(As I’m writing this, I’m at home with either the flu or strep throat. Tests for both came back negative at the doctor’s office yesterday, and I’m currently on medication for both. I don’t think I’ve been this sick in a long time. I meant to have this up yesterday, but I just wasn’t feeling up to it. So no “Tuneful Tuesday” today. Just pretend it’s Monday with me.)
I used to write every now and then on the blog I maintained before this one about how I had basically given up on watching the Super Bowl. The main reason for this was because I just don’t like watching football very much. The game is too slow, I don’t get the rules half the time, and I hate the way people in America are utterly obsessed with watching it all the time. The secondary reason is that people just sort of stopped inviting me to Super Bowl parties, which were really the only way I saw any of the games at all. Perhaps they figured out my main reason. Hmmm…
This year, however, a good friend and co-worker invited me over to his house to watch the Super Bowl, so I thought I would give it another shot. I am no fan whatsoever of the New England Patriots, but I did appreciate the Seattle Seahawks taking down Peyton Manning last year, so deciding which team to root for was a fairly easy choice to make. Maybe one day, I’ll explain the dislike I expressed in that last sentence, but that’s probably another post for another time.
By now, primitive tribes in the deepest heart of Africa probably know how the game ended, but just in case you don’t, here it is in a nutshell: Seattle has the ball on the 1-yard line with 24 seconds left in the game and decides to run a pass play, despite having three downs to get the ball into the end zone and Marshawn Lynch, one of the most feared running backs in the NFL, in their backfield. Patriots intercept the pass, massive brawl breaks out on the next play, Patriots get to move the ball out of the end zone, take a knee, game over.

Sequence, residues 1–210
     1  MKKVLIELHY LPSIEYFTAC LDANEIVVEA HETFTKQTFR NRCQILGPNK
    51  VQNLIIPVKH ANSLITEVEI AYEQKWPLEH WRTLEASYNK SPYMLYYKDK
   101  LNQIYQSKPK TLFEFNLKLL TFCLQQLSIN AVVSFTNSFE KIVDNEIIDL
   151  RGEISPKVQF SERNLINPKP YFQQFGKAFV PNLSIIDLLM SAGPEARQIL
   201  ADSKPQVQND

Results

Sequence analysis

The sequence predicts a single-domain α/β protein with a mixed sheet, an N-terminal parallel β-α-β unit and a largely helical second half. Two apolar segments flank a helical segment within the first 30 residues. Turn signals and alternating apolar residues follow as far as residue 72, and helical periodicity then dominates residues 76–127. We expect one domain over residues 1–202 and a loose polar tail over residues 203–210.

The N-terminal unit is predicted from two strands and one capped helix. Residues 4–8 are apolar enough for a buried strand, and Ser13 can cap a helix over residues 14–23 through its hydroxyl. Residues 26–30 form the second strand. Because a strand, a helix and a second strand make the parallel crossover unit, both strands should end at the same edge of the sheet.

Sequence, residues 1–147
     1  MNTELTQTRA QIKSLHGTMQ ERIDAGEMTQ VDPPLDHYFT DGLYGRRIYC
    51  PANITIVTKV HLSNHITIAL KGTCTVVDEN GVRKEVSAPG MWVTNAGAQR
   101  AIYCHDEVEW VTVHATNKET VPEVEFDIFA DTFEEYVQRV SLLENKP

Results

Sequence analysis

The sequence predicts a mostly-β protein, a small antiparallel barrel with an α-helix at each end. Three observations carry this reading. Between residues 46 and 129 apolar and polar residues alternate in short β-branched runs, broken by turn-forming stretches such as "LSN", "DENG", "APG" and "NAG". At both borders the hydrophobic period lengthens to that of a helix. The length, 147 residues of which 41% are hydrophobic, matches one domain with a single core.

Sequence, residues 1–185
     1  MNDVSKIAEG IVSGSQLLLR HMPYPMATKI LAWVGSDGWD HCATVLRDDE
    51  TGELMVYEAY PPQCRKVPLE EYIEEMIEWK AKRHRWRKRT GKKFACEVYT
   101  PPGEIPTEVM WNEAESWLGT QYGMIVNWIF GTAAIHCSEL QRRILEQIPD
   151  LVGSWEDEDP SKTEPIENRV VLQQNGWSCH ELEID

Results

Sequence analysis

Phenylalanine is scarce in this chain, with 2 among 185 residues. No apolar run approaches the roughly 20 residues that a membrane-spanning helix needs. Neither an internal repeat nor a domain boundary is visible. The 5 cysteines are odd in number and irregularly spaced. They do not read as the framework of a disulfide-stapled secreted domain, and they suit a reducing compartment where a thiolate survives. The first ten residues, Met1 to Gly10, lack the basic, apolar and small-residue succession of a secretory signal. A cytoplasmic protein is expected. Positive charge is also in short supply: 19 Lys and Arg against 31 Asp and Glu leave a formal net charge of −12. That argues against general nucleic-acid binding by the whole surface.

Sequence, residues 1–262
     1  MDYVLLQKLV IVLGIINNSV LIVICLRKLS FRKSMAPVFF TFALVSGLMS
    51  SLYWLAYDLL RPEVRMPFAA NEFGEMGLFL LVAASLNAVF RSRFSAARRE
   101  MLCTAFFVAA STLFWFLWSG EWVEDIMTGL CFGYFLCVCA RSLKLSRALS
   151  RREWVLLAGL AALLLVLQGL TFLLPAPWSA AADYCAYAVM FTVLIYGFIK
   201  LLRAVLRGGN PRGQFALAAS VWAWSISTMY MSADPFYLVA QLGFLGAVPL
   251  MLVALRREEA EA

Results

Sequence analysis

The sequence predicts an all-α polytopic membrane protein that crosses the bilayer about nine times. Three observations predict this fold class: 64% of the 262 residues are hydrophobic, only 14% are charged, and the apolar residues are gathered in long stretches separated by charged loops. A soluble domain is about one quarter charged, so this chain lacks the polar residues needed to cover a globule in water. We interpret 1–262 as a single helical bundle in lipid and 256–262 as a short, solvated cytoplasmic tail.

I may have mentioned a dislike for Peyton Manning earlier, but I’ll give the guy credit for one thing: He controls his own game. Why in the world Seattle quarterback Russell Wilson didn’t audible out of that play the second it was called in to him is beyond me. Since he didn’t, though, that only leaves one person to blame – Seahawks Head Coach Pete Carroll.
One of the things that has always fascinated me about professional sports is the almost insanely high confidence level of the people who coach and play them. Did Carroll back down from the call he made at all? Nope. Not in the least. “We had a terrific call, but it didn’t work out,” he told a reporter after the game. The man actually used the word terrific. Even if I did not regret my decision one iota in that instance, I would never, ever use the word terrific. Terrific calls win games. No, Coach, this was not terrific.
As I was driving home from my friend’s house, I began thinking about how I would respond to making a bad play call like that, one so completely wrong that it cost my team the goal it had been working toward the entire season. My conclusion didn’t take much thinking, because I know myself; I would still be on television, radio, the internet, whatever, apologizing to anyone who would listen to me and self-flagellating myself to an endless degree. I don’t know if I could call another play again. I might just leave football altogether.
Yet, there was Carroll, a man who has won a collegiate national championship and a Super Bowl, talking about his “terrific” play call immediately after his team lost the big game. Where does that confidence come from? Is it born out of a complete aversion to reality, or is it the makeup of someone who is completely comfortable in their own skin and able to live with their own decisions? I grew up believing that type of confidence was pure arrogance and should be avoided at all costs, and in many instances it is and it should be. There is a definite elasticity to it, though, which allows people to shake off their mistakes and move on to whatever happens next.
Before anyone thinks I’ve lost my mind, I’m not advocating that we all try to be more like Pete Carroll, because most of the time I think the guy is a pompous jerk. What I am saying is, we could probably all stand to go a little easier on ourselves and not wreck ourselves over every mistake we make. Yes, professional athletes and coaches sometimes display irrationally high levels of confidence, but they’re able to move on to the next play, the next possession, the next game. I guess, in a weird way, I do want to be more like Pete Carroll.
Tomorrow, Part II: Commercials!